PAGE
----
Tintagel: not what you expect

Tintagel, on the north coast of Cornwall, was a no-nonsense, workmanlike sort of place in the mid-1800s. Its children, sons and daughters of slate quarriers, farmers and their labourers, lived hard lives wresting their livelihood from the land and braving the frequent westerly gales that swept in off the Atlantic. The Tintagel children in our database are a little elusive. Only three of the six have been traced as far as the 1880s. None of them had left the district.

Loading slate at Tintagel Island around 1900 with some old ruin in the background

Selina Cornelius wasn’t born in the parish, but at St Tudy, south of Camelford, where her father Francis was a farm labourer in 1850. Moving to the hamlet of Trelake in Tintagel in the 1850s, Francis took on the village pub. Selina left the family home when she was 18 to marry Lawrence Tregay, a slate quarrier. The couple first lived near Camelford before moving on to Rockhead near the Delabole quarries in the later 1870s. Around a decade after that Selina’s death was recorded.

Mary Matilda Martyn survived a lot longer. She was the daughter of William and Mary, who farmed 300 or so acres at Trecarne in the south of Tintagel parish. Mary stayed at home and when her father died in the 1860s helped to organise the domestic chores aided by two servants. Meanwhile, her mother had carried on farming with the help of a son and a couple of live-in farm servants. By 1881 Mary’s mother had handed the farm over to her two sons and in the 1880s she and the unmarried Mary Matilda moved to live at St Minver village, a few miles away.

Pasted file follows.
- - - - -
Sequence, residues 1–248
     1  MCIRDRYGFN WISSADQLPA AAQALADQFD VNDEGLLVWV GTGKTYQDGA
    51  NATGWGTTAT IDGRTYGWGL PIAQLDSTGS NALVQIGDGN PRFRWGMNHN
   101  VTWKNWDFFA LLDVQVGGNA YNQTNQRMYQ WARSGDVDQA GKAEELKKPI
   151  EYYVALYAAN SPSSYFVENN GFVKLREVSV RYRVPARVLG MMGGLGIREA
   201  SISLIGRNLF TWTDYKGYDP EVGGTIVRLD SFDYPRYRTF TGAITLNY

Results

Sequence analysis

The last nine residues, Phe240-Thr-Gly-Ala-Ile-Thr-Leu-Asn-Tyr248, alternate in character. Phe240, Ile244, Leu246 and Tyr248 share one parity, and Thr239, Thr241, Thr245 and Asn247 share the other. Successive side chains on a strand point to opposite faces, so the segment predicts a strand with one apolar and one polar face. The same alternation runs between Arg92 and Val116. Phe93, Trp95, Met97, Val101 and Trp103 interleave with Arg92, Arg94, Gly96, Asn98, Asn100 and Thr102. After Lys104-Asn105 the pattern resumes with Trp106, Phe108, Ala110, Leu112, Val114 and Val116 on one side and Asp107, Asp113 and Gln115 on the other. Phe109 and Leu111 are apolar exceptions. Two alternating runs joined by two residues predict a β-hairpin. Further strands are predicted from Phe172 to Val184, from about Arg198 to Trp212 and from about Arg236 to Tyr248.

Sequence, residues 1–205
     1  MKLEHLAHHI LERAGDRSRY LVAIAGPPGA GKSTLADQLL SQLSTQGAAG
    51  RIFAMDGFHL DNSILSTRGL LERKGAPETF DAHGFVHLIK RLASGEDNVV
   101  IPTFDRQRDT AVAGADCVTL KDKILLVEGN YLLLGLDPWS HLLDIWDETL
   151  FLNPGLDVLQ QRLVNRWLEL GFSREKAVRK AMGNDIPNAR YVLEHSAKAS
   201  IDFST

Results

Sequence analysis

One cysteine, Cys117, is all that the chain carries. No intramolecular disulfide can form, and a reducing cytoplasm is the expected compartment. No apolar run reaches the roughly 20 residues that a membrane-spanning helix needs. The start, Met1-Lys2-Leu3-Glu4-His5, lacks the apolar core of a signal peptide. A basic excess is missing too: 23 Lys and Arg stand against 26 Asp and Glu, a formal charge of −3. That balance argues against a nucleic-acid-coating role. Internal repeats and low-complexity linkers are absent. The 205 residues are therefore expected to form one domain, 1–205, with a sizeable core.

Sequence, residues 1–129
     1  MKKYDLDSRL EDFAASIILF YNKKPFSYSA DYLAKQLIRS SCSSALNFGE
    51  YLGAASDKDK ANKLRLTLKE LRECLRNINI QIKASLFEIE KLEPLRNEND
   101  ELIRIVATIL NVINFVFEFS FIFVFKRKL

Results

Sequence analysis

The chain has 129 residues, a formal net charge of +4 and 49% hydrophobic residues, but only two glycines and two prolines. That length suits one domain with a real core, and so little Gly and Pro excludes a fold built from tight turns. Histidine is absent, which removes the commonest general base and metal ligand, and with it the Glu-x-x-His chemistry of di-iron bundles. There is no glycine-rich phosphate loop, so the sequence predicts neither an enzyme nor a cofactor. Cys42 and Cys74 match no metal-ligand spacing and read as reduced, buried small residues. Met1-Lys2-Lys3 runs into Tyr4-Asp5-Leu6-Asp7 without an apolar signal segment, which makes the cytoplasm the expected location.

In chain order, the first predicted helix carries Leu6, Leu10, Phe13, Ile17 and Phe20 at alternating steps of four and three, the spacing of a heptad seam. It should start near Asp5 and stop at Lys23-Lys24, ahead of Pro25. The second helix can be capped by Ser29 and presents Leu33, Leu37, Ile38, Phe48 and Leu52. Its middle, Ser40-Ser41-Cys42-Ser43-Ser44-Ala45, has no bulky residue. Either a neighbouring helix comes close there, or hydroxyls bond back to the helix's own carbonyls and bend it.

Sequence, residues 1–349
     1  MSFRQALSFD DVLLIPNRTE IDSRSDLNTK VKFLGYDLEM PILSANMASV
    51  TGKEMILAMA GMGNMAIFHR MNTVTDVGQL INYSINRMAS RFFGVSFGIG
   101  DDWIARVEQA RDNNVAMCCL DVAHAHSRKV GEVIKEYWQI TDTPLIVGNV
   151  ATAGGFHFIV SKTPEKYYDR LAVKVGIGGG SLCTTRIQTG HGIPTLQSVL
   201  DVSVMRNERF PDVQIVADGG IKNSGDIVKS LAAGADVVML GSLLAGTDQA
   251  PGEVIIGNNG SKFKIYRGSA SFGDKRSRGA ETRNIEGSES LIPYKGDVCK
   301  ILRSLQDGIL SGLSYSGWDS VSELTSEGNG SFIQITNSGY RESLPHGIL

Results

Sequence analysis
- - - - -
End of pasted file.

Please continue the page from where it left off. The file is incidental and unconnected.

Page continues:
Finally, William Henry Hambly was born into a slate quarrier’s family at Trevena. The village is now known by the name Tintagel, although that name was restricted to the parish until the nineteenth century. William was described as a miner in 1871 although it is unclear what he might have been mining in this non-mining parish. By 1881, still in the village and now married, he was given the less surprising label of ‘slate quarry labourer’. However, like the miners of the west, William was prepared to turn to farming if the opportunity (and the resources) allowed. In 1891 he had left the slate quarries of Tinatgel and moved (less than a mile) to farm at Halgabron to the east of Trevena.

Aerial view of Trevena in the early twentieth century

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